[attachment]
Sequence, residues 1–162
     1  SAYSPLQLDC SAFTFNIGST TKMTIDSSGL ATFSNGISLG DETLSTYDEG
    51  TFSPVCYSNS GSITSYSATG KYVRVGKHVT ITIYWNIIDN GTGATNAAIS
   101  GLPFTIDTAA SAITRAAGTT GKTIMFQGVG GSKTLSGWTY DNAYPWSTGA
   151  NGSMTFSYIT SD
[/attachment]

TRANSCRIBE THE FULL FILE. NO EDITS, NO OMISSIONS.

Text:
Sequence, residues 1–162
     1  SAYSPLQLDC SAFTFNIGST TKMTIDSSGL ATFSNGISLG DETLSTYDEG
    51  TFSPVCYSNS GSITSYSATG KYVRVGKHVT ITIYWNIIDN GTGATNAAIS
   101  GLPFTIDTAA SAITRAAGTT GKTIMFQGVG GSKTLSGWTY DNAYPWSTGA
   151  NGSMTFSYIT SD